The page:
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Tuesday, 4 December 1973
Page: 4268

Mr WHAN (Eden Monaro) - The situation which already has been explained quite clearly to this House is that the Leader of the Country Party (Mr Anthony) said, at least on 31 August and by his own admission on many occasions before, that the Government had decided to take certain action. The Leader of the Country Party may be brilliant and he may have perception, but he does not speak for the Goverment. If what we have just heard is an attempt to draw attention away from this central fact that the Leader of the Country Party without authority made a statement about what the Government had decided to do, then it will fail because there could have been only one motivation for this type of statement, namely, to cause trouble in the meat industry. A man with no authority makes a statement that the Government had made decisions! There was no authority whatsoever for such a statement. The rationale of the argument is so obvious.

Anybody who is prepared to concentrate for one second on this position will realise that the Leader of the Country Party was deliberately causing mischief by making such a statement, and this is the central point that will come out. For as long as the Country Party continues to thrash this dead horse J will make absolutely certain that this one central point keeps coming up all the time. The same tactic was used by the Country Party, in particular by the Leader of the Country Party, in relation to the sugar industry, and so it went on. There has been this tendency for the Country Party, when in Opposition, to speak for the Government. It has no authority whatsoever to speak in these terms.

The honourable member for Gippsland also insinuated that he could not take my word. That is up to him. There can be no question about the way I voted in the Government Members Primary Industry Committee and then in Caucus. If the honourable member for Gippsland wants to doubt my word in relation to this matter there will be plenty of witnesses to prove him wrong, as indeed there are on most of the points which he believes to be points of fact and which he has tried to establish in this argument. The principal means for controlling meat prices - the honourable member for Gippsland used this term when he first read the recommendation - contained in the recommendation in the report of the Joint Committee on Prices, based on the evidence available to the Committee, was a meat tax. The exclusive words were there - the words which allowed us to put the weight that was necessary on this particular recommendation. They led the recommendation in format. The whole report was a report presented to the Government at the Government's request in order to summarise, on the evidence available to the Committee, the means available at that time for controlling meat prices.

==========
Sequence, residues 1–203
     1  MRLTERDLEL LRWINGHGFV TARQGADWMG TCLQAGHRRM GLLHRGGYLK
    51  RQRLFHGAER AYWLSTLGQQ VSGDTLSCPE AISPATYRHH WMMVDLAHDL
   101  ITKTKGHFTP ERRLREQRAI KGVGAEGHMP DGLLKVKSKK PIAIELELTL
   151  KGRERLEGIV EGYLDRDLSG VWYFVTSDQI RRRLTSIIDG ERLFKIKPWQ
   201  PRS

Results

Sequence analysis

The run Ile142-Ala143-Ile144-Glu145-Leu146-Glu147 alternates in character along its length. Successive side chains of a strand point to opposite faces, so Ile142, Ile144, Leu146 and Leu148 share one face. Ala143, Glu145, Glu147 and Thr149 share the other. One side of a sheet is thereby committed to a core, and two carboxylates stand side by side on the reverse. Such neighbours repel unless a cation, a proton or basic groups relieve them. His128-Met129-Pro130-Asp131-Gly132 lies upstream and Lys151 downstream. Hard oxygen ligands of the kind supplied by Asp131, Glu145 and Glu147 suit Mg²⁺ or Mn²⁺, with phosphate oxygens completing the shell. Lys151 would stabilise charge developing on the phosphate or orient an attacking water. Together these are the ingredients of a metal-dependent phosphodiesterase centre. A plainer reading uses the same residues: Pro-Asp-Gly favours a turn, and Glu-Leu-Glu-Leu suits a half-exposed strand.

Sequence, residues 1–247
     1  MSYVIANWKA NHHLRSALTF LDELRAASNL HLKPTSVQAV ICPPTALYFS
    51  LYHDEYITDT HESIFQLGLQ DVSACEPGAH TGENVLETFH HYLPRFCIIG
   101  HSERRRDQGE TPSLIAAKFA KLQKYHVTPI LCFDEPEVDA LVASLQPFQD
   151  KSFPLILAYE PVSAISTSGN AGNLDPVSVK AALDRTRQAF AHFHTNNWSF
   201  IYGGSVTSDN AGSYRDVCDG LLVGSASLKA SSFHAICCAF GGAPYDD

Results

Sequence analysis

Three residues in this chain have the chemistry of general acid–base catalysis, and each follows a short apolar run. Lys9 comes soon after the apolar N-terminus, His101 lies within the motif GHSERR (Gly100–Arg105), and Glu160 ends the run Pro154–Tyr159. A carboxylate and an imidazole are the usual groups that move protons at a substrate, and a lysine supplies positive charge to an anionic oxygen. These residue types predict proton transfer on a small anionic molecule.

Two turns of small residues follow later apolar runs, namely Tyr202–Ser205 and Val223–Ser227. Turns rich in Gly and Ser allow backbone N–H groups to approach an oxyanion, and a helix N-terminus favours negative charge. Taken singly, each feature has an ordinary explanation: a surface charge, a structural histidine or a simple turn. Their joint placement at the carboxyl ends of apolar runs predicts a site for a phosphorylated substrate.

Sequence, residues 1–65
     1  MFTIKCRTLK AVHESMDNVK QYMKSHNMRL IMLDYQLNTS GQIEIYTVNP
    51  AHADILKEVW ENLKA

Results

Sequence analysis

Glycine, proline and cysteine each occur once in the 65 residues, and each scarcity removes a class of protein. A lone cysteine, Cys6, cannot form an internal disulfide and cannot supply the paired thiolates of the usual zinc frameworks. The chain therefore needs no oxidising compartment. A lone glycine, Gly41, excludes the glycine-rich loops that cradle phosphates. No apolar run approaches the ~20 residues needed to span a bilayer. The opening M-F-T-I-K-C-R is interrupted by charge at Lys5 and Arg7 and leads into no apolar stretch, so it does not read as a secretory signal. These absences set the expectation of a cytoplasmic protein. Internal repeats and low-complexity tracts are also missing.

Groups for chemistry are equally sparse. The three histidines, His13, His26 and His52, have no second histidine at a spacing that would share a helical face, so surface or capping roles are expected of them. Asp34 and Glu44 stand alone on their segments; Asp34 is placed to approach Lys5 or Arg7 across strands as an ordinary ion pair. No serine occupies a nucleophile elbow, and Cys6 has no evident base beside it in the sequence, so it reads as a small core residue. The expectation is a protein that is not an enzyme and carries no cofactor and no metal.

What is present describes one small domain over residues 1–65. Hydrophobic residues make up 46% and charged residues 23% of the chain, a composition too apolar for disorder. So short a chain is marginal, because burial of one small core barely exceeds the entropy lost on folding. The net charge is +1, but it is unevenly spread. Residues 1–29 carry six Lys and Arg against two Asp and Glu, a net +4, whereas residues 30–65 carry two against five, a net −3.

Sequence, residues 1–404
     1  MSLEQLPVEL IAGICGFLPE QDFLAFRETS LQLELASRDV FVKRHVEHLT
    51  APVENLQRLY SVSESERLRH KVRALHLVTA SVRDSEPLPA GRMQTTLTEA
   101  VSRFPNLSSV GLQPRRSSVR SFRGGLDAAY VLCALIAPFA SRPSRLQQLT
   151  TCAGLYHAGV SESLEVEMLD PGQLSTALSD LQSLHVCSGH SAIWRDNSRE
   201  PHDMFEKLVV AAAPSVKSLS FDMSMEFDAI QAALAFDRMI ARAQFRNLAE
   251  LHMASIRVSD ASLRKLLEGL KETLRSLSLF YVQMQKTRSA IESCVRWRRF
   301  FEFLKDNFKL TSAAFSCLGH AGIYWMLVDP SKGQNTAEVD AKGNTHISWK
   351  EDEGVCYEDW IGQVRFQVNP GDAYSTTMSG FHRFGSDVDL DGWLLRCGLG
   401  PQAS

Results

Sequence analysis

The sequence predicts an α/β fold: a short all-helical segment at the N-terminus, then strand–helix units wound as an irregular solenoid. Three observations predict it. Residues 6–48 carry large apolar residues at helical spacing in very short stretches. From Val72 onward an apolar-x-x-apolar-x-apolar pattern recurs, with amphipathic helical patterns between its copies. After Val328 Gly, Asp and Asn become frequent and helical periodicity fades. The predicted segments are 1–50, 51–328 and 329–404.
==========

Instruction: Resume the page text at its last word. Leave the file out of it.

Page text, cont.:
I make one further point. The evidence given to the Joint Committee on Prices established beyond all doubt that the Australian Meat Board did not have statistics on the domestic market. The Meat Board report was inadequate. The Meat Board, on its own admission, was not qualified to talk about the domestic market. Colonel McArthur admitted that it did not have statistics on the domestic market in Australia. I submit that one of the gravest revelations of the Prices Committee and its inquiry was that the Meat Board did not have statistics on the domestic market. We are talking about domestic prices. The Meat Board was export orientated. There could be no question that the Meat Board report had to be reconsidered, that more evidence had to be taken on the subject of domestic prices. 1 repeat that the Meat Board itself admitted that it was unable to give the statistics and information required on the domestic market. I once again thank the Country Party for the forum to put these points of view to this Parliament and to my electorate.

Question resolved in the affirmative.

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